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Conventional Weapons

In 1999 global military spending rose, marking an end to the sharp decline in spending from Cold War-era peak levels. According to the Stockholm International Peace Research Institute (SIPRI), worldwide defense spending grew to approximately U.S. $780 billion in 1999 ($719 billion in constant 1995 U.S. dollars), the most recent year for which figures were available in October 2000. SIPRI attributed this increase of about 2 percent from 1998 to resurgent spending by a handful of the world's largest military spenders and higher military expenditures by African countries engaged in armed conflicts.

Competition for weapons contracts remained intense, with many arms suppliers vying for clients and a few countries dominating the market for expensive weapons systems. The United States Congressional Research Service (CRS) reported the delivery of arms worth $18.4 billion by the U.S., more than half the total value of arms deliveries worldwide. The United Kingdom ranked second, delivering $4.5 billion in weapons, and Russia third, delivering $2.7 billion. These top three arms exporters together accounted for 75 percent of global arms deliveries, which declined from $36.4 billion in 1998 to about $34 billion in 1999.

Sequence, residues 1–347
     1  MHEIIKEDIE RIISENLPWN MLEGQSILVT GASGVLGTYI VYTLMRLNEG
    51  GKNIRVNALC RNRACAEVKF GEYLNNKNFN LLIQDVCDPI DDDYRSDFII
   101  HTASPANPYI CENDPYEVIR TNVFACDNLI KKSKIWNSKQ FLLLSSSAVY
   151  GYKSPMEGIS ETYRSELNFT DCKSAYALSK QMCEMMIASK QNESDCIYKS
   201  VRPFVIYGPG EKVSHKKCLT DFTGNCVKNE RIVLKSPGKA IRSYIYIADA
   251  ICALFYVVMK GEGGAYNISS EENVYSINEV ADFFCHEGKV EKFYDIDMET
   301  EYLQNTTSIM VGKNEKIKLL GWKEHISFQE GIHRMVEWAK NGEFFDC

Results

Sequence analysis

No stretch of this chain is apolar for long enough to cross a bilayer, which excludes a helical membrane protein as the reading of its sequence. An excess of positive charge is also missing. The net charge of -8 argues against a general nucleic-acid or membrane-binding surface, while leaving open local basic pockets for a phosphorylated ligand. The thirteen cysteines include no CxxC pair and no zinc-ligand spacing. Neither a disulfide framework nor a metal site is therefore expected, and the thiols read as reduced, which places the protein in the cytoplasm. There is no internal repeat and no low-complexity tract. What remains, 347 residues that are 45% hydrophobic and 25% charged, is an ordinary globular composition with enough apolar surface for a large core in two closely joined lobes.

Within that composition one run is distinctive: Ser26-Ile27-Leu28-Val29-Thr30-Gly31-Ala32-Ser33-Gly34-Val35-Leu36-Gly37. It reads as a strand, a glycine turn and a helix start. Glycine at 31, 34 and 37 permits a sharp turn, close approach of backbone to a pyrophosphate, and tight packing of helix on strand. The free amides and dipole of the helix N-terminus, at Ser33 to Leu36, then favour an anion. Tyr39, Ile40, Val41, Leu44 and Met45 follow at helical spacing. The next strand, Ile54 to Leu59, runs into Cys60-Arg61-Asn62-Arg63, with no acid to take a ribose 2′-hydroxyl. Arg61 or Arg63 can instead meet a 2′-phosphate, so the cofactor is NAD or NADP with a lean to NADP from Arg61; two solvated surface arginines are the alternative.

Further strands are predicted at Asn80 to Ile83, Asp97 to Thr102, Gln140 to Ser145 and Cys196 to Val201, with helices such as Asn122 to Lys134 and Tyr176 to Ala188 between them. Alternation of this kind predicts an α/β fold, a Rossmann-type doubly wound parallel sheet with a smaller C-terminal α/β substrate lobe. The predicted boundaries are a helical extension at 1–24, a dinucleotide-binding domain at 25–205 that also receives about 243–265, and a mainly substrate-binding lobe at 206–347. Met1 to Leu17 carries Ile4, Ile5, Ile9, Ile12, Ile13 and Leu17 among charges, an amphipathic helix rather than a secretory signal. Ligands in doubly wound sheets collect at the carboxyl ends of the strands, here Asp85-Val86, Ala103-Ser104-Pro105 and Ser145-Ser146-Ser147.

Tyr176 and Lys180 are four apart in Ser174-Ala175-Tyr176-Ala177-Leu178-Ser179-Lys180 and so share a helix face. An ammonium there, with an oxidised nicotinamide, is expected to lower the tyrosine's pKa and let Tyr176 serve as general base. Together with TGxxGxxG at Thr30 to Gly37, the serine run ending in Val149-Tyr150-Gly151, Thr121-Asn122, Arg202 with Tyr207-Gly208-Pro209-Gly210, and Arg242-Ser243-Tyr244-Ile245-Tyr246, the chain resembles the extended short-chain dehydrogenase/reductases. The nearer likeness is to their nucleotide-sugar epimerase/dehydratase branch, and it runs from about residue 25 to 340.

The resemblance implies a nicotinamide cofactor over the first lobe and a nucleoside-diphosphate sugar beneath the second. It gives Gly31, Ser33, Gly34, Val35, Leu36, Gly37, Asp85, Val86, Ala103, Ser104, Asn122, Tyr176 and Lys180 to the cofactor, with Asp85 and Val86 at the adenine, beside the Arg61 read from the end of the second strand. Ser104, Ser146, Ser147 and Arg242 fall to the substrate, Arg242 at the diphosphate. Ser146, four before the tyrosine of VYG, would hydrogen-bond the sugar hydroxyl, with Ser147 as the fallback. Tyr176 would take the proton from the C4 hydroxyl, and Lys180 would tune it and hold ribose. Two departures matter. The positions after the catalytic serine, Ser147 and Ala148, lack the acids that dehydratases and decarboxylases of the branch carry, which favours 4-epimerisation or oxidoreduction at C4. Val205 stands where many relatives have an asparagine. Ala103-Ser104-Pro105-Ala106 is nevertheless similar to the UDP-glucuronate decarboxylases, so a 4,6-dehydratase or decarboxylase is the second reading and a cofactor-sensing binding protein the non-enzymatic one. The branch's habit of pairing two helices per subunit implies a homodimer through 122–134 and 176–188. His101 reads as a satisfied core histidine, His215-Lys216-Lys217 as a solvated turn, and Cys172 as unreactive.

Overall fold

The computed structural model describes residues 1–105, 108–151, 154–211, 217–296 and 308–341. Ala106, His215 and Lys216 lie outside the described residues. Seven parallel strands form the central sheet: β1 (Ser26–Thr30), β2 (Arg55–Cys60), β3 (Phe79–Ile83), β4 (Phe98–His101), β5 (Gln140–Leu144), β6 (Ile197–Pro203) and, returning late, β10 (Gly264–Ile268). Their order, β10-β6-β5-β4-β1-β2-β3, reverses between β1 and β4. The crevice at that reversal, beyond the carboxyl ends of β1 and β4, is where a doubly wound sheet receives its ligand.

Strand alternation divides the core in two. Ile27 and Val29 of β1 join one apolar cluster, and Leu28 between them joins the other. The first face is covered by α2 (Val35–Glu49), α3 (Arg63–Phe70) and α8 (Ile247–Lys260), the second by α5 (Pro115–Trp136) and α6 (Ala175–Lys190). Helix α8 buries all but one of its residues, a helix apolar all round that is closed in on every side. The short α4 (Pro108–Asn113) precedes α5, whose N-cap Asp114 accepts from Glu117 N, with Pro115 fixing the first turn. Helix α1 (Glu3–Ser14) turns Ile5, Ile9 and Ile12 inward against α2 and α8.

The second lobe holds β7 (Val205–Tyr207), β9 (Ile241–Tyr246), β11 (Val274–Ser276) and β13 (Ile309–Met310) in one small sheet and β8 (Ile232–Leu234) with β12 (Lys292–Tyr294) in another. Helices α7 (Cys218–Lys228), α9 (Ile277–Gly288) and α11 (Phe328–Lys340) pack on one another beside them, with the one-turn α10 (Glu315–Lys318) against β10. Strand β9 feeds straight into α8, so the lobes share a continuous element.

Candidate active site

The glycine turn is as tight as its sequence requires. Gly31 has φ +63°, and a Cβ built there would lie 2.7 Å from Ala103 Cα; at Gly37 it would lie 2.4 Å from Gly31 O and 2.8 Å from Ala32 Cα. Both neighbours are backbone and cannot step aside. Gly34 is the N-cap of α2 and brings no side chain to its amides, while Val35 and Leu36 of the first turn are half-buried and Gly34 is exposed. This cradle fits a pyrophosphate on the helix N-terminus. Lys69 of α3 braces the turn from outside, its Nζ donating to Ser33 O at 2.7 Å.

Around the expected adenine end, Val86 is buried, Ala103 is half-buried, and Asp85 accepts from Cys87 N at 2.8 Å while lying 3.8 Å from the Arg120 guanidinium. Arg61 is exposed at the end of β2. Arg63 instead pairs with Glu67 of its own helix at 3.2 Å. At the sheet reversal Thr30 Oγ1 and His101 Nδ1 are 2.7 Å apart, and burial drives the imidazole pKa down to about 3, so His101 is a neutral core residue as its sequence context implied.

In addition to completed arms deliveries, another $30.3 billion in arms sales were negotiated worldwide in 1999, a sharp increase over the previous year's figure of $22.98 billion. The United States once again dominated the field, negotiating almost $11.8 billion in agreements, followed by Russia, whose efforts to boost arms exports resulted in $4.8 billion in agreements, a sizable jump from $2.6 billion the previous year. The value of third-ranked Germany's arms transfers agreements slipped to $4 billion from $5.1 billion in 1998.

Human Rights Watch World Report 2000

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